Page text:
It is no secret that many American politicians and citizens view the federal bureaucracy with considerable disdain. In In the Web of Politics: Three Decades of the US. Federal Executive, Joel D. Aberbach and Bert A. Rockman report on an ambitious and largely successful effort to investigate the foundations of this discontent. In particular, Aberbach and Rockman focus on two developments within the bureaucracy itself that are widely believed to have fostered cynicism about its capabilities and role in democratic policy making. The first development, dubbed the "quiet crisis"5 more than a decade ago by a blue-ribbon panel on the public service, is a substantial decline in the quality and morale of agency personnel. The second development is that the bureaucracy is increasingly unresponsive to presidential directives, a so-called "noisy crisis" because of the publicity generated by ongoing administration attacks on both specific officials and agencies in general.
In a nutshell, Aberbach and Rockman argue that neither of these developments have actually occurred and thus cannot be responsible for widespread dissatisfaction with bureaucratic performance and outcomes. They draw support for this argument primarily from hundreds of interviews, conducted over a 22-year period, with presidential appointees and senior civil servants who served in domestic policy agencies during the Nixon, Reagan, and Bush administrations. Aberbach and Rockman's longitudinal analysis of these interviews reveals that for the most part, the quality of high-ranking agency personnel, measured as educational achievement, did not appreciably decline across these presidencies. Similarly, although the expressed job satisfaction of these appointees and careerists diminished in some respects, the magnitude of this drop was generally quite modest. In the end, Aberbach and Rockman conclude, contrary to common belief, "people are not the problem" in the contemporary bureaucracy.
Aberbach and Rockman also find that top-level officials, even those in the civil service, are in two important ways remarkably reflective of presidential administrations and the nation's political mood. Early in the Nixon administration, Democrats easily outnumbered Republicans in the upper echelons of the bureaucracy. These officials were also quite liberal collectively in that many strongly supported an active government role in the national economy. By the Reagan and Bush administrations, however, there had been an unmistakable shift toward a more Republican and conservative bureaucracy. According to Aberbach and Rockman, these changes demonstrate that agencies adapted to the preferences and actions of Republican presidents and, more generally, to the growth in antigovernment sentiment on the part of the American public.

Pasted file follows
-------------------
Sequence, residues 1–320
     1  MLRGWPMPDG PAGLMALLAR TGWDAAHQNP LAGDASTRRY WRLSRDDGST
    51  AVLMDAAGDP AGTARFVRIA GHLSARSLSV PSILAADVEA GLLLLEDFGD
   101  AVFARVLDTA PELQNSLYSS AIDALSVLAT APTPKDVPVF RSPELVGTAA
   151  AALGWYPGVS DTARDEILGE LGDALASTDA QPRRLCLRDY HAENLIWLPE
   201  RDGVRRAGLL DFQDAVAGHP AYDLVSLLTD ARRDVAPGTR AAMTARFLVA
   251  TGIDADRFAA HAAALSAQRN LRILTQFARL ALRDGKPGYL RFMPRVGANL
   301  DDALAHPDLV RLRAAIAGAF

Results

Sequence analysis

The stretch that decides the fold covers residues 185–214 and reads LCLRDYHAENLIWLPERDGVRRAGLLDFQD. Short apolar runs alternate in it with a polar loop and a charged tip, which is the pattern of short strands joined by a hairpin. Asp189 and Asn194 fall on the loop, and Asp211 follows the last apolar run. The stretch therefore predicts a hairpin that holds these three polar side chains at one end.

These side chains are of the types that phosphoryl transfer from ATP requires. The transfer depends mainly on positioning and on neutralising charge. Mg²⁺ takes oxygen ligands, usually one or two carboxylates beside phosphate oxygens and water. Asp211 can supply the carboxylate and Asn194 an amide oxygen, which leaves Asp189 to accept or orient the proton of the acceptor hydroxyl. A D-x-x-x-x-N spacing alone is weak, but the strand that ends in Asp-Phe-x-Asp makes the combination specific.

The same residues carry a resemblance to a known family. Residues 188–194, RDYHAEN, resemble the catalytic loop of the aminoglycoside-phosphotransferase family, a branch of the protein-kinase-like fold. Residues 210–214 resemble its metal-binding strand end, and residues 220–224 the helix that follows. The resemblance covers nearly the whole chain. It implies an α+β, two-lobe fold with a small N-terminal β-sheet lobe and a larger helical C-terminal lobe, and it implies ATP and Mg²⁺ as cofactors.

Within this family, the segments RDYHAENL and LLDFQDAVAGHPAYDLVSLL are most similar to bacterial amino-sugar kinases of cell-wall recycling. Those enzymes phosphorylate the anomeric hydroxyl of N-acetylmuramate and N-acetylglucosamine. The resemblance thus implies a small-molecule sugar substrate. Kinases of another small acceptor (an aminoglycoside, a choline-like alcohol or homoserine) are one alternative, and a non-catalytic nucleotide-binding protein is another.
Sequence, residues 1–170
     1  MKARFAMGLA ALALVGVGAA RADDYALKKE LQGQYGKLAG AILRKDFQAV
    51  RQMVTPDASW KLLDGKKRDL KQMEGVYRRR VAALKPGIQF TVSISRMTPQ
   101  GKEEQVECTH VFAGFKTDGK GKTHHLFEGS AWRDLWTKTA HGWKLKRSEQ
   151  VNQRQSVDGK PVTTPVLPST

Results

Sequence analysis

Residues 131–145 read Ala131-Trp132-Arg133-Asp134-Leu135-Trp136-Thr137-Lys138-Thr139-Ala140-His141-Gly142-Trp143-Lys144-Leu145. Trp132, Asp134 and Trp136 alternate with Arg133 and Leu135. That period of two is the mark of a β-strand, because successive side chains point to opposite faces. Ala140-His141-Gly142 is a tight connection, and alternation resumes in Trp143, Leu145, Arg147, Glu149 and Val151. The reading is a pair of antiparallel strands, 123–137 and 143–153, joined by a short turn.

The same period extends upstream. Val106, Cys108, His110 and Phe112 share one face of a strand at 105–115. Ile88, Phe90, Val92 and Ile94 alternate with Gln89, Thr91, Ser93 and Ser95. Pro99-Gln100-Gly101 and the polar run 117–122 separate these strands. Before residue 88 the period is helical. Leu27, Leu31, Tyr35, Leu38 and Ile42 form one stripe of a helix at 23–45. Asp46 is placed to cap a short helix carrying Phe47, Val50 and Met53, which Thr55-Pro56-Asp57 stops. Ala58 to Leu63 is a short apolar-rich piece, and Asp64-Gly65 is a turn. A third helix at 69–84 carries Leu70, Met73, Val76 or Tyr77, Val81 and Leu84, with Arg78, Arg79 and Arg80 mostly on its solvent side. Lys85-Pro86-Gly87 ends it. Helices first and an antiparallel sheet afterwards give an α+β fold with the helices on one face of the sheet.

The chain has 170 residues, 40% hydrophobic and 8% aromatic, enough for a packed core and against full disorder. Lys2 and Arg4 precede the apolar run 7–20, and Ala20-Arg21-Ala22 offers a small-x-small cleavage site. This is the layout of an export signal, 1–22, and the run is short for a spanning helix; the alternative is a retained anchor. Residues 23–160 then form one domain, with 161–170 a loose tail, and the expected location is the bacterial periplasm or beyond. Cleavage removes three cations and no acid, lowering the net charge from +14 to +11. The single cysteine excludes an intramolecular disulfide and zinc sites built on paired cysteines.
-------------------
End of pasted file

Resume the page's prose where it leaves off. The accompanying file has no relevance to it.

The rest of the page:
In sum, Aberbach and Rockman draw on more than two decades of research to support their argument that the quality, morale, and responsiveness of presidential appointees and senior civil servants have not declined in the manner suggested by some critics of the bureaucracy. Although this research is convincing, it is limited in that it does not directly address many important aspects of these three characteristics of federal executives. For example, quality is not measured in ways other than educational achievement, and responsiveness is not assessed in terms of performance and outcomes. In addition, Aberbach and Rockman's analysis does not provide direct insight into alternative explanations for the controversy surrounding the bureaucracy.
On this score, however, Aberbach and Rockman construct a plausible case that many attacks on the bureaucracy "have less to do with bureaucracy per se than with the role of government and its policies" (161). In other words, the programs of the New Deal and Great Society eras sparked an ongoing debate about the proper size and scope of government. Critics of the regulatory state have heaped much of their scorn on the bureaucracy, the institution that delivers the policies they oppose and view as failures. Given the policy-oriented nature of this struggle, reforms that target quality, morale, and responsiveness will ultimately do little, in the eyes of Aberbach and Rockman, to enhance external support for the bureaucracy.
Aberbach and Rockman devote extensive attention to one reform in particularthe Clinton-Gore effort to "reinvent government." In one respect, this attention is understandable; in the 1 990s, reinvention was the most prominent attempt at, among other things, restoring public confidence in the bureaucracy. In another respect, however, Aberbach and Rockman's elaboration and evaluation of reinvention is somewhat disconnected from the rest of their research on federal executives. For example, the interviews with presidential appointees and senior civil servants that form the empirical foundation of this research play virtually no role in the discussion of reinvention tenets such as "cutting red tape" and "putting customers first." Conceptually, reinventing government is motivated by neither the "quiet crisis" (which it largely rejects) nor the "noisy crisis" (which it generally does not address). In the end, Aberbach and Rockman are at their best when they focus on the fundamental question of their careerspanning project: What are the personal and political characteristics of those who occupy positions at the top of the bureaucracy? For scholars and practitioners seeking an answer to this question, In the Web of Politics: Three Decades of the US. Federal Executive is essential reading.